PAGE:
But they just sat there glaring, watching me ominously and whispering to each other as I stepped inside.
Now I figured they might jump me when I came out. I had a plan to kick the men’s room door open when leaving, but to hold back on stepping out, hoping to get them to jump too early . . . maybe throw them off a little. My mind was racing.
Still inside the men’s room, I tried to get myself ready to fight. I threw punches and kicks in the air. I grabbed hold of the sink and pulled on it as hard as I could, trying to get my muscles ready to respond.
There was one of those old linen towel dispensers in the men’s room . . . the kind that has a big roll of linen inside, and you turn the crank to roll out the fresh part.
It looked as though someone had worked over the towel dispenser with a baseball bat.
The metal on the front and both sides was badly dented, almost caved in . . . and the entire dispenser had been knocked so hard that the long bolts attaching its back to the wall were now fully exposed as it hung there at an angle. The whole dispenser looked shaky.
“Not my problem,” I thought, and I reached up to grab the dispenser with both hands. I was going to pull on it hard, just like I had on the sink.
But pulling on it just finished off what someone else had started. The whole dispenser gave way . . . it went crashing to the floor . . . and those long securing bolts pulled out a good chunk of the plaster wall with it.
The whole thing hit the floor with this huge crashing noise.
“I’ve got other problems,” I told myself, and I turned to the men’s room door, leaving the dispenser and part of the wall on the floor. Sam MacDonough and his buddy were waiting for me.
I kicked the door open as planned, holding back before sticking my head out.
They were both still sitting in the booth.
I walked back to my seat trying not to visibly shake. I saw the one guy go into the men’s room, and when he came out he and Sam immediately began talking again in low voices, still watching me.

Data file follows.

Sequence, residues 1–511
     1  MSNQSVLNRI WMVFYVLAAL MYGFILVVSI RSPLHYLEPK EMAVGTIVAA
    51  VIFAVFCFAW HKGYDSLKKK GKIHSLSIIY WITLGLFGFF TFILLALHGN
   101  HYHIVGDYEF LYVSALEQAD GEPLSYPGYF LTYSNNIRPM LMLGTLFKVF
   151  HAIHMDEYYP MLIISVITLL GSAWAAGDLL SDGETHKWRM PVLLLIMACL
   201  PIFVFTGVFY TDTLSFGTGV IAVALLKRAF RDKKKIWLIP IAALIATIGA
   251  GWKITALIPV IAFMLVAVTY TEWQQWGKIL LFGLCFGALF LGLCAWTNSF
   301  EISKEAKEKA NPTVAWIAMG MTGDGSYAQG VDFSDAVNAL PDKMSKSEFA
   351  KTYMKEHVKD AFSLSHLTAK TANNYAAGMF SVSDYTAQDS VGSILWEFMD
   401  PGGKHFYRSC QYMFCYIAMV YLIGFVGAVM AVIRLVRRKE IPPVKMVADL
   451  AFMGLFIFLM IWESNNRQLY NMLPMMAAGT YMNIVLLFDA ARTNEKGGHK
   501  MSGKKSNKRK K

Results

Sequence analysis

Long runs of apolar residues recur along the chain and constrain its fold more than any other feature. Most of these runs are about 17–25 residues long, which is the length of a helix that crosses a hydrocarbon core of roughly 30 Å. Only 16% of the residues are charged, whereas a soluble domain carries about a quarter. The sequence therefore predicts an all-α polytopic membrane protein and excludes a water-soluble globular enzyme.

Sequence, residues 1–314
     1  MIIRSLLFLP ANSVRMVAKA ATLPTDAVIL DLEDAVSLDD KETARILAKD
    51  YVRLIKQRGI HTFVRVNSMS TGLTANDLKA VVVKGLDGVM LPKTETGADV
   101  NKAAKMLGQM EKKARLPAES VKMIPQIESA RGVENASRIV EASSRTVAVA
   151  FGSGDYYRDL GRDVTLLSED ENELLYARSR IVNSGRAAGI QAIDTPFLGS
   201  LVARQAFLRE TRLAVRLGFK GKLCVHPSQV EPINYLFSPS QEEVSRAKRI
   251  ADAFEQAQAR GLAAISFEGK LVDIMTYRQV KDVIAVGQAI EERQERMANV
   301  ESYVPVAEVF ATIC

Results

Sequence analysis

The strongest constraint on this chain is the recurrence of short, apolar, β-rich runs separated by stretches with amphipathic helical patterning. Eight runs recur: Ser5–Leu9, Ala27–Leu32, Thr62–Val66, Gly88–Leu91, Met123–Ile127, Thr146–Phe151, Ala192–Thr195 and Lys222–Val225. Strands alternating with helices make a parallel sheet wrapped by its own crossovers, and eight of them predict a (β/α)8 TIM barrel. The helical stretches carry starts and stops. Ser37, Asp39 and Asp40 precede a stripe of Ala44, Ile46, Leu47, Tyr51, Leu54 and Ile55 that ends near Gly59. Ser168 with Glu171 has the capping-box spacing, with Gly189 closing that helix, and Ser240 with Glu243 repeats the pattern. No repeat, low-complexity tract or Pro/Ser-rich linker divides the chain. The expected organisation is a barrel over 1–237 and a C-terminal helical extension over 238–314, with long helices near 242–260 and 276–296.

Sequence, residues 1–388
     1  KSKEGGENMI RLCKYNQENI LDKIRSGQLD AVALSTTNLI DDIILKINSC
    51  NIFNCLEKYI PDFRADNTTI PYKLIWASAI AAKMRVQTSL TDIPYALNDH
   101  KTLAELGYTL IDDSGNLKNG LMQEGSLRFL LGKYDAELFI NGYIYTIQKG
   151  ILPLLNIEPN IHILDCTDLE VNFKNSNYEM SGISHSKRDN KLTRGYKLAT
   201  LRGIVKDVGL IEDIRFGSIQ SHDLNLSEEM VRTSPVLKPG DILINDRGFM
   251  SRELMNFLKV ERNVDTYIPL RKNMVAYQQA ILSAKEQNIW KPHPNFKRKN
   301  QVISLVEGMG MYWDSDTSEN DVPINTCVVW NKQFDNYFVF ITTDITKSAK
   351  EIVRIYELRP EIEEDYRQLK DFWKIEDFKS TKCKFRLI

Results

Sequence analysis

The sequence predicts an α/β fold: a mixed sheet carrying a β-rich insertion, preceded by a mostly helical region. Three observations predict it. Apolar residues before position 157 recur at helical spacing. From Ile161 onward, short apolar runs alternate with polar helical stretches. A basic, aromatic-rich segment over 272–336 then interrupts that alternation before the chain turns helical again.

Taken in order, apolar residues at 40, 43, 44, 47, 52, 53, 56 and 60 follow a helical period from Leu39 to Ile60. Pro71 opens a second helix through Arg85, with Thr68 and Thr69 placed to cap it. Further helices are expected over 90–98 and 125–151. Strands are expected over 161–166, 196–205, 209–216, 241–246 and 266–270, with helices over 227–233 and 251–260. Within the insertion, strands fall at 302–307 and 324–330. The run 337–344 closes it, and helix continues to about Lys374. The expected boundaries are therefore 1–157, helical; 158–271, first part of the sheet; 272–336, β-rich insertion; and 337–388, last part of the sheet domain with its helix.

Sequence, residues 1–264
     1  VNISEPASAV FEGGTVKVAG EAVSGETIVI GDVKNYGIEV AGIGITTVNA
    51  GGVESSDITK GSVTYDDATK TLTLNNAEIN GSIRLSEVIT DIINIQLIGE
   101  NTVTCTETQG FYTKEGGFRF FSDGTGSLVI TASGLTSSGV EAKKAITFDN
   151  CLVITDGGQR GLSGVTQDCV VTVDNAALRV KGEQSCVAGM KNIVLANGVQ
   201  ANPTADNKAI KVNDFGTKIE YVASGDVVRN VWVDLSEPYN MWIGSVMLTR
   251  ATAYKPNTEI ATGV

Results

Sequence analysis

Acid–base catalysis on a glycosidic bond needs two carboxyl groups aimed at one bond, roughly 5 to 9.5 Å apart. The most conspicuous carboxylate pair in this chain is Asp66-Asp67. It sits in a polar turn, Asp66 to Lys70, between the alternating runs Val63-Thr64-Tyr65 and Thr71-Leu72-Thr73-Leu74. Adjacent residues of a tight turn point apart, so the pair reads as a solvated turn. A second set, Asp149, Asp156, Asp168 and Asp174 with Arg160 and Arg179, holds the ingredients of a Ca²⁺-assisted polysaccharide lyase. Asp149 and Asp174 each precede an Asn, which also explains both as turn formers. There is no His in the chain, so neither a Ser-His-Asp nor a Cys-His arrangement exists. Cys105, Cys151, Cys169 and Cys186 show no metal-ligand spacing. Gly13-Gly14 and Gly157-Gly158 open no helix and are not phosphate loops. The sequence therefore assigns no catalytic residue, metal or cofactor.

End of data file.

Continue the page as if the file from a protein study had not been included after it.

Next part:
I paid the bill and walked out of the diner expecting to be jumped at any moment.
All the way home on Route 81, I was driving with one eye on the rear-view mirror. There had been a pick-up truck in the diner’s parking lot, and I knew it had to be Sam’s.
It wasn’t until I was almost home that it hit me . . .
The two of them had a different look on their face when I came out of the men’s room. The one guy had immediately gone into the bathroom and when he came out they both looked a little concerned about something.
I finally had to laugh out loud . . . finally relieved . . . suddenly understanding what must have happened.
Someone probably told them that I knew Karate — and they had no idea that the towel dispenser had been previously worked over with a club, or something.
When that guy went in, what he saw was a smashed metal dispenser with the living fuck beaten out of it, and a gaping hole in the wall where the bolts had pulled everything down along with it.
They must have thought that I’d done it . . . maybe with with a spinning karate kick.
(I had glared at them when I walked out of the men’s room, but it was only a return glare out of instinct . . . at the time I was scared shitless.)
But the destruction on the men’s room floor and the round hole in the wall must have made them think twice about jumping me . . .
By the time I thought of this I was almost home, but I was still laughing as I got out of the van.